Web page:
May 05, 2021

Webinar Thinking Football: Economic Impact of Professional Football (PART 1)

May 05, 2021

Webinar Thinking Football: Economic Impact of Professional Football (PART 1)


The economic impact of Professional Football under debate


The debate session on the reality of Professional Football continued on May 5th, with a special focus on its economic impact. Subjects such as the economic vitality of a club participating in the UEFA Champions League or the professionalization that has been experienced in Liga Portugal in recent years were under discussion, among other topics, moderated by the Assistant Director of the Record newspaper, Sérgio Krithinas.

The first session brought together Miguel Farinha, EY partner, Telmo Viana, Financial Director at Liga Portugal, António Gaspar Dias, President of FC Penafiel and André Varela, Financial Director at Sporting CP, who analysed the figures of the Professional Football Yearbook and the impacts of the last season, marked by COVID-19.

This was one of several webinars to be held until November 2022, the date of the Thinking Football Summit, which aim to analyse current issues of Professional Football and put into perspective this great event that will be hosted at the Super Bock Arena - Pavilhão Rosa Mota, in Porto.



Miguel Farinha, EY partner

"It is a pleasure to be talking about the 4th Yearbook, a result of an already lasting partnership with Liga Portugal. This is a particularly atypical year, given the pandemic situation we are currently facing, which is having a huge impact on football. There are four key figures I'd like to highlight."

"Firstly, the GDP impact of around €494 million, which represents an 11% reduction compared to the previous season. A decrease that is very much related to the pandemic, and to the drop in revenues, ticket sales, corporate spaces, among others."

"Then we have a revenue drop to €734 million, compared to the approximately €850 million from the previous season. This represents a significant drop, which can be explained by having only one club competing in the Champions League, as opposed to the two teams in the previous season. It directly represents 60 million euros less due to this simple fact, and that has an impact on the final accounts.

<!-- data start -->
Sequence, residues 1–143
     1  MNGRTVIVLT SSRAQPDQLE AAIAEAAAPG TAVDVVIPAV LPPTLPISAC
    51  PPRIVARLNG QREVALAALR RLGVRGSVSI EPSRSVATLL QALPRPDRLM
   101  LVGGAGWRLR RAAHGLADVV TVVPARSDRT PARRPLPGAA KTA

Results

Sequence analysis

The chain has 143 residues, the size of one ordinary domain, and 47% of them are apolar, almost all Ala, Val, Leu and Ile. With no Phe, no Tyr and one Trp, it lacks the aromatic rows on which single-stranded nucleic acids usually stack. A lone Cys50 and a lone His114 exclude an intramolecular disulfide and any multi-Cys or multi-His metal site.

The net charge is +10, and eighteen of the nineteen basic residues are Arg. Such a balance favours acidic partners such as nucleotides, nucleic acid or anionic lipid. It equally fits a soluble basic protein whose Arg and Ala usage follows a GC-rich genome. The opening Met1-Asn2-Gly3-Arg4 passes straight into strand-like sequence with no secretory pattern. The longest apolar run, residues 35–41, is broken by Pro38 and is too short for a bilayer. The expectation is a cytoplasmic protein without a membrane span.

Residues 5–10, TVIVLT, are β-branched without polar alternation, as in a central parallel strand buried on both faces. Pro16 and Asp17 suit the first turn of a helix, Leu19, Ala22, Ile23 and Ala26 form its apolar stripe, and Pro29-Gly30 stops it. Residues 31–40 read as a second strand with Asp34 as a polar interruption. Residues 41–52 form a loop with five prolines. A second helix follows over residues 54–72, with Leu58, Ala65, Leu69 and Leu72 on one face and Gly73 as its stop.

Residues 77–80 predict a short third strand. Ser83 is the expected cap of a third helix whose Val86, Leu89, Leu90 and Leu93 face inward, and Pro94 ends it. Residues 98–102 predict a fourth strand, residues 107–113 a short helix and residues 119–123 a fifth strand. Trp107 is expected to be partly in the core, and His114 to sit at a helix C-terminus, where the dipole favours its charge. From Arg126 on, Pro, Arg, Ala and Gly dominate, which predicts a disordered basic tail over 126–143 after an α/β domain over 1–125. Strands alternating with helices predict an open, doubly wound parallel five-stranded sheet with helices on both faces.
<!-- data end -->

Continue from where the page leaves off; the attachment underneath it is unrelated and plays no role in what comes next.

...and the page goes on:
"The number of people working in the football industry has also increased significantly, in an absolutely atypical year, to 3,160 employees, which represents a growth of around 20% compared to the previous year. If the Big-3 teams were already doing this, this also shows an effort to strengthen and structure the "smaller" teams, with greater investment in various areas. It is a very significant figure."

"As a final point, the impact of taxes over the past year has also been noted, at around €142 million, representing a decrease of around 5% compared to the previous year, with VAT, Social Security and personal income tax being the most significant items.


António Gaspar Dias, President of FC Penafiel

"The impact of the pandemic was felt all over the world, in society, in all business sectors and of course in Football. It represents an undoubtedly brutal and dramatic impact on our ordinary income. This impact was felt in all Sports Societies, from Liga Portugal bwin to Liga Portugal SABSEG".


André Varela, Financial Director at Sporting CP

"It is very significant indeed. When we talk about football, we are also talking about a sport made for fans, so it is strange to have stadiums without their presence. Regarding Sporting CP, Gamebox sales, advertising and sponsorships were strongly constrained, which clearly had an impact on our operating income. We had to take action and look for alternative ways, as was the case with our online store, which, on the other hand, saw a growth in demand that allowed for an increase in revenues. But basically, clubs have had to sell assets and have lost some competitiveness with this pandemic context, given that, without having to resort to funding, this is the other way to search for any capital to cope with this period. And the fact is that selling players is normal, especially as this is an essential step to keep finances in order, as well as to the competitiveness of the clubs themselves, with this process having to be allied to a strong investment in youth training, something we have been able to do very successfully at Sporting CP."